The importance of treating parasites

As organisms that survive by feeding off hosts, parasites can result in disease and sometimes even death if left untreated. Learning how to recognise and treat parasites in your livestock is crucial in ensuring their ongoing health – so let’s take you through what you need to know.


Identifying parasites

Parasites fall into two distinct categories: internal parasites that live inside the body, and external parasites that live outside the body. Here we’ll take a closer look at both.


Internal parasites

This form of parasite is one that lives inside an animal’s body and literally feeds off it in order to survive. The most common forms of internal parasites in livestock include:

  • A common parasite of the digestive tract, absorbing nutrients from the host and often causing damage to the gut. Animals with severe roundworm infestation can often lose weight, becoming dull in appearance, and show signs of diarrhoea and vomiting.
  • Animals infected with tapeworms may show signs of abdominal discomfort, along with vomiting and convulsions. Any form of licking or attempts to scratch or soothe the anal area should be monitored, as this could be a symptom of tapeworm infestation, due to extreme itchiness.
  • Another common internal parasite, one often resulting in severe anaemia and diarrhoea. Animals may lose weight to the point of emaciation, become weak, and die if left untreated.
  • Liver flukes. Caused by the transmission of liver fluke eggs through manure in wet areas, with eggs hatching and larvae developing. Infected animals will show signs of acute liver disease, which could become chronic if left untreated.
  • A parasite causing intestinal disease in young animals, and manifesting in diarrhoea.


External parasites

As the name suggests, external parasites live on the skin of animals, and can range in severity from simply being a nuisance to creating large wounds, causing eye irritation and damage, bacterial infection, disease, and even death. The most common external parasites include:

  • Ticks. Usually active during warm and wet seasons, ticks suck blood from animals, leading to weakness, blood loss, skin damage, infection and sometimes even paralysis too. In livestock, ticks can affect milk and meat production, ultimately impacting profitability.
  • Biting flies such as horseflies, mosquitos, tsetse flies and black flies bite and suck blood from their hosts, spreading disease and causing blood loss. Other flies such as blowflies and screw-worm flies lay their eggs on animal hosts, which hatch into larvae and cause injuries which can become infected, leading to severe wounds and sometimes even death.
  • A common parasite among animals, fleas attach themselves to hosts where they feed on blood and lay eggs, and can cause ulcers and even spread to other animals if left untreated.
  • Ear mites. These live in the ears of animals, as the name suggests, and are highly contagious, spreading by direct contact and causing ear irritation, hair loss, blood blisters, and crusted rashes and discharge.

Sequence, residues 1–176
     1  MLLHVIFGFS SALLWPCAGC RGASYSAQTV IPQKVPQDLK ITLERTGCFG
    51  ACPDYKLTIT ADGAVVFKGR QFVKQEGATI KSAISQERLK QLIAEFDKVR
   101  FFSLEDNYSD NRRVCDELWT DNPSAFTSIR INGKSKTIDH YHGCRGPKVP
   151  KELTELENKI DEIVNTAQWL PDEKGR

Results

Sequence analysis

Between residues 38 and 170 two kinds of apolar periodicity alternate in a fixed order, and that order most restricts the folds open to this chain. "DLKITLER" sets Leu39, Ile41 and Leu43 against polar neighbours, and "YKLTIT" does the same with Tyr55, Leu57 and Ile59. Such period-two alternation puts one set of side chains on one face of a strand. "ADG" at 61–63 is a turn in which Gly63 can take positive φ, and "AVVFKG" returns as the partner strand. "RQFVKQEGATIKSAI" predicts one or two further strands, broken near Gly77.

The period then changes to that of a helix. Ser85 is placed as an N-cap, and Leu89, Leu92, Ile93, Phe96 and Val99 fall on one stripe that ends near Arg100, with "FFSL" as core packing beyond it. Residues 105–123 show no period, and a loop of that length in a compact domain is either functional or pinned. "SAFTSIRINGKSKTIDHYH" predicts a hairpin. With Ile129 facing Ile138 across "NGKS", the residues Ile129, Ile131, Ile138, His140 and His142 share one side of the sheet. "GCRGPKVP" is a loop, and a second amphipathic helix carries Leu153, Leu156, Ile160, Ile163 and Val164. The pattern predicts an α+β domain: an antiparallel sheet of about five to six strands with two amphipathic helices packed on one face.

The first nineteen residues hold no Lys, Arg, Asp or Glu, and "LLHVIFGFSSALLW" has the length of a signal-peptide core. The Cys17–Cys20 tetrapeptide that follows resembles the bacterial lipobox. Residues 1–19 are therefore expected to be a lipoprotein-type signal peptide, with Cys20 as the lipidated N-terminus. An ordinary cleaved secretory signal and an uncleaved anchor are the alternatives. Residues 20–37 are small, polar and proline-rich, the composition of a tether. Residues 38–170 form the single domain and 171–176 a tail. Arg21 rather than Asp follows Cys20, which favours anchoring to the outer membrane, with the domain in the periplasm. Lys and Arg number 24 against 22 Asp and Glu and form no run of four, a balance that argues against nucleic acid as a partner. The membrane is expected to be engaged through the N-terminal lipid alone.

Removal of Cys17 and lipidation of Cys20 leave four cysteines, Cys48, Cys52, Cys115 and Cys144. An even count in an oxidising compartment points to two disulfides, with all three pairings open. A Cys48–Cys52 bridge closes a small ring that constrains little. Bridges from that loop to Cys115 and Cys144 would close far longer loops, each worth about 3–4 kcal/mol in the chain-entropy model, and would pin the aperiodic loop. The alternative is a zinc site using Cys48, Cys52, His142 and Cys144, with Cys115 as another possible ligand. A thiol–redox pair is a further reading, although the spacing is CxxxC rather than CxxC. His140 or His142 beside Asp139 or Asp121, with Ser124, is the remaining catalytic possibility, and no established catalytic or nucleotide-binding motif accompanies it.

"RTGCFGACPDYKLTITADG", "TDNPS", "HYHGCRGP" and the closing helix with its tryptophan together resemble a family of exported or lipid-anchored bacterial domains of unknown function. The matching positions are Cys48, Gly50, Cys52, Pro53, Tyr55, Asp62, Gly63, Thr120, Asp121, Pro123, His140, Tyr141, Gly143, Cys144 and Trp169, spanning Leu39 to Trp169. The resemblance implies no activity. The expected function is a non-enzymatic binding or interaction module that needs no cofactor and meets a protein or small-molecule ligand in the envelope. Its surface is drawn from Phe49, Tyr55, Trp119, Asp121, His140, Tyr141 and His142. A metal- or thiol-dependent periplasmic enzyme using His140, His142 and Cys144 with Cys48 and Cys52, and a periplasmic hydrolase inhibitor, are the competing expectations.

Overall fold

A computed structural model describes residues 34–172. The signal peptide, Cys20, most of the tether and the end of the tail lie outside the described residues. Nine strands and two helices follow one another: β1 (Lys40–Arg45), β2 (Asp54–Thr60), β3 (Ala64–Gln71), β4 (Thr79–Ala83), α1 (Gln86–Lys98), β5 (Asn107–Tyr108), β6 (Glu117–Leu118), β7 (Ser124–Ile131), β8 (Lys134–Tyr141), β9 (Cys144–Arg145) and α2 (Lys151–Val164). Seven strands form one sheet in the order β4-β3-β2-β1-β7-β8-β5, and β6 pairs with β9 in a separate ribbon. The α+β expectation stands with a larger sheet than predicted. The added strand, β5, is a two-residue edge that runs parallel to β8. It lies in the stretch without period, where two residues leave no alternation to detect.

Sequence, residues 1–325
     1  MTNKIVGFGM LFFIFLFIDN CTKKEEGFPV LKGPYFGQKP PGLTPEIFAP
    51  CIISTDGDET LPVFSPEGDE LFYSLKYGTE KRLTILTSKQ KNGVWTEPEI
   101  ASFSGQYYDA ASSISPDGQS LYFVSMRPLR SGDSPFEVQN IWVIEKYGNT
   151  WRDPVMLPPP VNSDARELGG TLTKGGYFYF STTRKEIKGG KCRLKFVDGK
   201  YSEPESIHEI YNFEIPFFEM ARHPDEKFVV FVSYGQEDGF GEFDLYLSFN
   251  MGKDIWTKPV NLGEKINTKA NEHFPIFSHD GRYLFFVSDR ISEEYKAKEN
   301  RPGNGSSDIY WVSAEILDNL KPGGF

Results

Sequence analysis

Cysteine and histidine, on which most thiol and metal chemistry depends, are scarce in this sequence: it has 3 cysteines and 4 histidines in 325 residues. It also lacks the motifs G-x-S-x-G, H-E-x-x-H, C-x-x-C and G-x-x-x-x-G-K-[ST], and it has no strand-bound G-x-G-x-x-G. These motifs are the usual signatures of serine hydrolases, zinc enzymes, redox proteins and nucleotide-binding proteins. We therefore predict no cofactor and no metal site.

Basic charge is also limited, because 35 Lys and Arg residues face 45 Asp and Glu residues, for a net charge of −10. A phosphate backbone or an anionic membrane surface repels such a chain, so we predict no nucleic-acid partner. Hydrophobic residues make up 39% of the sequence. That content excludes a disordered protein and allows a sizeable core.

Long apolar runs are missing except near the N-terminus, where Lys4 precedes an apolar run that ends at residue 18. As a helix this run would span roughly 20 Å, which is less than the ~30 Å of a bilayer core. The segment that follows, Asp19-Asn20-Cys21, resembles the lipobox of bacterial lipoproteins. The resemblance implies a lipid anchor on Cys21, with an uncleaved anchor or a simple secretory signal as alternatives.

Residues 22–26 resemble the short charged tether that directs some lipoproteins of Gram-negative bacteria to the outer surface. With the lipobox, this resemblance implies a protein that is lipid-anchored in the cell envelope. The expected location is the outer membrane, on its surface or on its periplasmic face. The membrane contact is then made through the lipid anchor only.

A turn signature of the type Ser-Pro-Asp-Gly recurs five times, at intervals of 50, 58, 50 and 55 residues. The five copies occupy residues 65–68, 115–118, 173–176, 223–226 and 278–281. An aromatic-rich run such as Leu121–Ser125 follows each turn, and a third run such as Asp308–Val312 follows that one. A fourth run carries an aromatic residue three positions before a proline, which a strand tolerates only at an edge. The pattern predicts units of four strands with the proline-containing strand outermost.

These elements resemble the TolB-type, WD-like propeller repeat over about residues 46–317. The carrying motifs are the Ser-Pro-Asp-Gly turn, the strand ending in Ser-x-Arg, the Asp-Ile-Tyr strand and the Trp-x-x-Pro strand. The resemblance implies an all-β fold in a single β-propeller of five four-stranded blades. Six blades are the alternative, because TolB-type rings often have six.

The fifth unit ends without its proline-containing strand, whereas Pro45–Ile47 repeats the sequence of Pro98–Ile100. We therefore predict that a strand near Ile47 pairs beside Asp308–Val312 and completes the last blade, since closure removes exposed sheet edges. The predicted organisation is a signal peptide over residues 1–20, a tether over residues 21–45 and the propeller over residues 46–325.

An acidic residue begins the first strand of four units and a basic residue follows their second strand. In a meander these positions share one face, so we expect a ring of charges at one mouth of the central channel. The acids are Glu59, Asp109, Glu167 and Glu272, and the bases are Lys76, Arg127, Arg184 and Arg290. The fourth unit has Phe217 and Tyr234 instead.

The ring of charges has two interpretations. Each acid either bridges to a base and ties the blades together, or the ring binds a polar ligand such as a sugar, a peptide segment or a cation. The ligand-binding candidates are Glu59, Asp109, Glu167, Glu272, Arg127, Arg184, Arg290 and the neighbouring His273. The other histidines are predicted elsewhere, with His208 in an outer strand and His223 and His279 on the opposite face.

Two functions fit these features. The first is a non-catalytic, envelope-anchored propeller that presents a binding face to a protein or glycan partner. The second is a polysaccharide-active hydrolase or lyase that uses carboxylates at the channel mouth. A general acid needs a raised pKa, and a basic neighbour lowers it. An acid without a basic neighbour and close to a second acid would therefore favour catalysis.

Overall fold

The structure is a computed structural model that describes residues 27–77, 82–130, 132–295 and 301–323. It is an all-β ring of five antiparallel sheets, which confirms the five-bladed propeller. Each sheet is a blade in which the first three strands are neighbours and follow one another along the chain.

• Keds and mites. Also known as sheep ticks, keds are flies that feed on blood, transferring between animals through direct contact and causing irritation and skin damage – particularly problematic in sheep, where the wool is discoloured and damaged. Mites are invisible to the human eye, and cause irritation on the skin which can lead to mange.
  • Lice infestation is common among animals, and is spread through direct contact. While lice cause irritation and skin damage, they do not result in disease.

How to manage parasites before they become problematic

There are a number of effective treatments for internal and external parasites, prevention is key in managing parasitic infection, and controlling the spread of parasites throughout a household or herd.

Treatment of parasites

While prevention is important, treatment of parasites is even more crucial to avoid their spread to other animals. For this reason, the following treatments are recommended:

Internal parasites:

  • Deworming solutions are vital in the treatment of internal parasites in order to prevent not just infection, but in the case of livestock, significant economic loss as well. It is also recommended to change your deworming treatment every two years, to avoid any potential resistance to the treatment.

External parasites:

  • For the control of flies, ticks, mites, keds, lice and more, spraying and dipping with insecticides is recommended for effective treatment, as is the application of topical medication. In some cases, pour-ons, spot treatments or injectable drugs may also be successful in eradicating parasitic infection, with any and all wounds caused by parasites to be treated at the same time.

The repercussions of leaving parasites untreated

While leaving parasites untreated can lead to both disease and death, there are even further adverse effects that need to be considered. In livestock, failure to treat parasites can have a significantly negative impact on profitability, with reduced production of wool, milk and meat, as well as impaired health, growth, and reproduction as well.


For these reasons, treating parasitic infection as soon as it becomes evident is of paramount importance.


Treating parasites with Mooivet

 As stockists of dewormers, dips, and other parasite control products, Mooivet offers a range of highly effective, economical and easy-to-use treatments. Contact us today to discuss the best solution for your parasite problem.



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